Some foods and drinks have been linked to cancer. For a food or drink to be considered a carcinogen, a substantial evidence must connect its intake to an increased cancer risk and show how cancer may develop as a result. The World Health Organization’s International Agency for Research on Cancer (IARC) classifies carcinogens by determining how likely they are to cause cancer, with the scale divided into five basic groups: known, probable, possible, unclassifiable and probably not carcinogenic.
Foods and drinks the IARC considers carcinogenic to humans include:
The body produces a chemical compound called acetaldehyde when it digests alcohol. This chemical may damage DNA, which can lead to cancer. According to research, a person develops a higher risks for certain kinds of cancer when they consume more alcohol. Such cancers include; breast, esophageal, liver, colorectal, head and neck cancers.
Experts recommend abstaining from alcohol to avoid the risk. However, if you must indulge, limit your alcohol consumption to no more than one serving per day if you are a woman, or no more than two servings per day if you are a man.
Processed meats, or those that have been preserved by salting, curing, smoking, or with chemical preservatives can cause cancer. Examples include sausage, bacon, hot dogs, salami, pepperoni, prosciutto, and beef jerky. According to research, consuming 50 grams of processed meat which is equivalent of four strips of bacon or one hot dog every day upsurges the risk of colorectal cancer by 18 percent. If you consume processed meats, go for nitrate- and nitrite-free varieties, which don’t have added preservatives, says Crystal Langlois, RD, LD – Director of Nutrition.
Foods and drinks that the IARC classifies as probably carcinogenic to humans include:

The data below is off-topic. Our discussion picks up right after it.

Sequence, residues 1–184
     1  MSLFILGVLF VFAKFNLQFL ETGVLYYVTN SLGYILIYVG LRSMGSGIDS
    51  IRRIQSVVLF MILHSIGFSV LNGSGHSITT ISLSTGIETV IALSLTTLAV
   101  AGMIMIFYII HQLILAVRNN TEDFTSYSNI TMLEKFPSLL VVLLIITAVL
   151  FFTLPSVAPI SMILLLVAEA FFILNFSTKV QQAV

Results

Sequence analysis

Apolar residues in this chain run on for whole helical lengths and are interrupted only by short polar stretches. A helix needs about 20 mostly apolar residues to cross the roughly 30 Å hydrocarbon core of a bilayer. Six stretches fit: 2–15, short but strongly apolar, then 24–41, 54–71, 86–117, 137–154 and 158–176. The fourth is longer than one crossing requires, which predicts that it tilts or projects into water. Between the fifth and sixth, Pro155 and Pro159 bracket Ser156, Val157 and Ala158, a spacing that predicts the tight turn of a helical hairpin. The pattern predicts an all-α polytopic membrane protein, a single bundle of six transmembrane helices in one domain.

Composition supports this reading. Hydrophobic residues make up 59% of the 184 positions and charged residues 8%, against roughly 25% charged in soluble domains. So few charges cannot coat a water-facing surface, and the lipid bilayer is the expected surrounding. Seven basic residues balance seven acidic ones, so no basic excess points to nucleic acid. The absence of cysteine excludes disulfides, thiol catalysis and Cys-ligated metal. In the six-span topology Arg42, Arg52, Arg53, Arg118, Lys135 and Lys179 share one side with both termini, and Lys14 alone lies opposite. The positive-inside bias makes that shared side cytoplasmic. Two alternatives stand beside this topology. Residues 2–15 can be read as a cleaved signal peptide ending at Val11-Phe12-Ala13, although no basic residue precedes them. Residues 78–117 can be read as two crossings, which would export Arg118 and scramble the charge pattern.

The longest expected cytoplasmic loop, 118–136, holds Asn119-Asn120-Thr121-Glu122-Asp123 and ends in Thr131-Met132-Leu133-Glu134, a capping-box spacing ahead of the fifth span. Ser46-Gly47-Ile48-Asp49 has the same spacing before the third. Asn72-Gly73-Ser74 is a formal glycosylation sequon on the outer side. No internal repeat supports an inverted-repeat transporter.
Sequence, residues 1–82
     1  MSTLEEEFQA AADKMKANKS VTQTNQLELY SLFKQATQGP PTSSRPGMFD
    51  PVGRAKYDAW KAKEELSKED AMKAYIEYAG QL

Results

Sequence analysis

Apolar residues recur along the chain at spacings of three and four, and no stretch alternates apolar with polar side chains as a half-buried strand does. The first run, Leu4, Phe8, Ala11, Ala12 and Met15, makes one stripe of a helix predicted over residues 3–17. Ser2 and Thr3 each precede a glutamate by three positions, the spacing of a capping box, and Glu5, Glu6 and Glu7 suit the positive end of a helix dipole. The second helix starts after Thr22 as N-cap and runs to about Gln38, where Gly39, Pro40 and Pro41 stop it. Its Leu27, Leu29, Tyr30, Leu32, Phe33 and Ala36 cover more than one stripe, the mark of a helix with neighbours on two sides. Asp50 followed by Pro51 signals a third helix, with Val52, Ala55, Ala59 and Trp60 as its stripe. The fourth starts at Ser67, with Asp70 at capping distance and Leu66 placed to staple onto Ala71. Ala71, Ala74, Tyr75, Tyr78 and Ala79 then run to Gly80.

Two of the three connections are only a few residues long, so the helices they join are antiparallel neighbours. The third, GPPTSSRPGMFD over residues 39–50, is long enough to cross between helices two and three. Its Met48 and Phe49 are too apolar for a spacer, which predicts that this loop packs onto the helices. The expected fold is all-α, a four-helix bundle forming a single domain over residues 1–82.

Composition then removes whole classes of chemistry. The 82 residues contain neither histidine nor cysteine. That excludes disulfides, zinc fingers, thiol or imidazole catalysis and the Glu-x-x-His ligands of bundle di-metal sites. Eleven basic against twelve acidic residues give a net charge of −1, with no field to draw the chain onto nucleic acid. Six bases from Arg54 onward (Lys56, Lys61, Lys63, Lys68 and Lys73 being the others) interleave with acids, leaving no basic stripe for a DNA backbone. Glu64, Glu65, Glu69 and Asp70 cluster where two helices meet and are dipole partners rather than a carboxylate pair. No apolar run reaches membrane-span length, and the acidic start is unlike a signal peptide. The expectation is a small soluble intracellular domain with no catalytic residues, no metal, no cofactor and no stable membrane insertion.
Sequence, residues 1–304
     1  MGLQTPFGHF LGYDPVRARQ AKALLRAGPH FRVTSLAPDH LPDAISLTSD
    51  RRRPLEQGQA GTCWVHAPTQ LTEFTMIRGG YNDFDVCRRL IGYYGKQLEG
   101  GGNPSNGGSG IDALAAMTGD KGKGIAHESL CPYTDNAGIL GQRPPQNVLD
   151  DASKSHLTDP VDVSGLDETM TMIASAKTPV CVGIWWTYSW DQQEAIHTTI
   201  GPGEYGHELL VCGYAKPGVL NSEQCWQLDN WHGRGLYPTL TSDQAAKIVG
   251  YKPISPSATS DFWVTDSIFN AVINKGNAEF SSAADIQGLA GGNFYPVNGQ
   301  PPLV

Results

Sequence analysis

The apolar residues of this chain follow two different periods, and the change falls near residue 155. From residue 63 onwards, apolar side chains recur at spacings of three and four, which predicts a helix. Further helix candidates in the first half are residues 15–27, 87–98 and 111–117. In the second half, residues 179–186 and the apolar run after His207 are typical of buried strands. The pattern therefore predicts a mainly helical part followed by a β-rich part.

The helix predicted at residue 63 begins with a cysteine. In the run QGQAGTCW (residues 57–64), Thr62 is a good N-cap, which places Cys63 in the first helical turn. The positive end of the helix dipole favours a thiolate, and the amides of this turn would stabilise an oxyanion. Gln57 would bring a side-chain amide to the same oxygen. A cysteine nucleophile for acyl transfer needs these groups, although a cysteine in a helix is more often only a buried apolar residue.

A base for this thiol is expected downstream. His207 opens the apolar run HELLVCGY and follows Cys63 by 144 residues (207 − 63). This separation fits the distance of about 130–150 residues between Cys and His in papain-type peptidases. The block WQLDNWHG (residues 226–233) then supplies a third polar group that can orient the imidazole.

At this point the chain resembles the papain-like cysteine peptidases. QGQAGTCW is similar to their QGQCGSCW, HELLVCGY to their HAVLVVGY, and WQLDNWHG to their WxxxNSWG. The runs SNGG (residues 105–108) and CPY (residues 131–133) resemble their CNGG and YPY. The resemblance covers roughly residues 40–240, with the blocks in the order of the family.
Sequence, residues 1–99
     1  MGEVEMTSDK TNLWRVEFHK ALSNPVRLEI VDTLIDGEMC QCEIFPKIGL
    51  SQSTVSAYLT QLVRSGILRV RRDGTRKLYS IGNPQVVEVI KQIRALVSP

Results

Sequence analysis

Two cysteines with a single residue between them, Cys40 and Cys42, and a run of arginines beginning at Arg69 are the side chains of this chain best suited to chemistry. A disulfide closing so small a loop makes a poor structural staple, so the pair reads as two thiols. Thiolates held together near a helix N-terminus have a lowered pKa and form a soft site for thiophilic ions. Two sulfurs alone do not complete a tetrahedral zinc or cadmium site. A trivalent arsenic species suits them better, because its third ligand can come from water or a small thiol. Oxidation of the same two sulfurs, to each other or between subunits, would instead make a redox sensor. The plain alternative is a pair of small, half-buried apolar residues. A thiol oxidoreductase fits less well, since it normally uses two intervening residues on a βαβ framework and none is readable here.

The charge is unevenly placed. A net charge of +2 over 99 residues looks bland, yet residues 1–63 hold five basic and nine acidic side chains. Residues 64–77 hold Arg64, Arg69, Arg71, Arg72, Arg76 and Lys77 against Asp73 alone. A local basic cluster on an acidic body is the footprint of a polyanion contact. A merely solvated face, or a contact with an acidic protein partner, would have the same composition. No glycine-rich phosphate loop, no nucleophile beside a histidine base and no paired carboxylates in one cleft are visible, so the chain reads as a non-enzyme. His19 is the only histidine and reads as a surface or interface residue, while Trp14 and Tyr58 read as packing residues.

i. Charred meats or those cooked at high temperatures
Meats prepared at high temperatures form chemicals that may cause changes in your DNA, which may cause cancer. Eating a large amount of well-done, fried or barbecued meats has been linked to an increased risk of pancreatic, colorectal, and prostate cancer. When preparing meat, Langlois recommends baking, braising, or boiling it. It is also advisable to marinate meats before cooking to help reduce the risk of carcinogens forming.
ii. Red meat
Examples of red meant that are considered carcinogenic are pork, beef, veal, mutton, lamb, horse and goat. Eating a large amount of red meat has been connected to pancreatic, prostate and colorectal cancer.
Very hot beverages
A beverage is considered very hot if it is hotter than 65 degrees Celsius or 149 degrees Fahrenheit. In the United States, drinks like coffee, tea and hot chocolate are typically prepared at lower temperatures, so they’re generally not a concern.
Sugar is not on these lists because it has not yet been directly linked to cancer, but the sweetener does add empty calories, which may lead to weight gain and obesity. Obesity has been linked to 13 types of cancer. Reducing the intake of added sugars is one of the easier changes you can make to your diet to improve your waistline, while also helping to reduce your cancer risk, Langlois says.
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A qualified and registered dietitian who major in oncology may help people in making right choices in diet. Langlois added that it’s alright to occasionally indulge in these foods and drinks, but moderation is the key.
“Follow a well-balanced diet that’s rich in fruits, vegetables, whole grains, and low in saturated fats,” Langlois added.
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